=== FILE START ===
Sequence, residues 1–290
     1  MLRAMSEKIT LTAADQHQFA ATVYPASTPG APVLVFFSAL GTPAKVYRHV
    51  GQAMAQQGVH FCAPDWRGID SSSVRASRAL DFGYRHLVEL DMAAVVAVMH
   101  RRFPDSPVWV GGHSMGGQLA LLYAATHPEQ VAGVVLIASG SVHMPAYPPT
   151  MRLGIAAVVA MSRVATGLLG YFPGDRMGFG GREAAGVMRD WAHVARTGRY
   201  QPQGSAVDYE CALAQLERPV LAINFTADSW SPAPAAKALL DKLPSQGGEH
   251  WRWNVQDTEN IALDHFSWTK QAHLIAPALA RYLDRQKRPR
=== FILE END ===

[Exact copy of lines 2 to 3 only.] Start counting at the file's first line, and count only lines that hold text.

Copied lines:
     1  MLRAMSEKIT LTAADQHQFA ATVYPASTPG APVLVFFSAL GTPAKVYRHV
    51  GQAMAQQGVH FCAPDWRGID SSSVRASRAL DFGYRHLVEL DMAAVVAVMH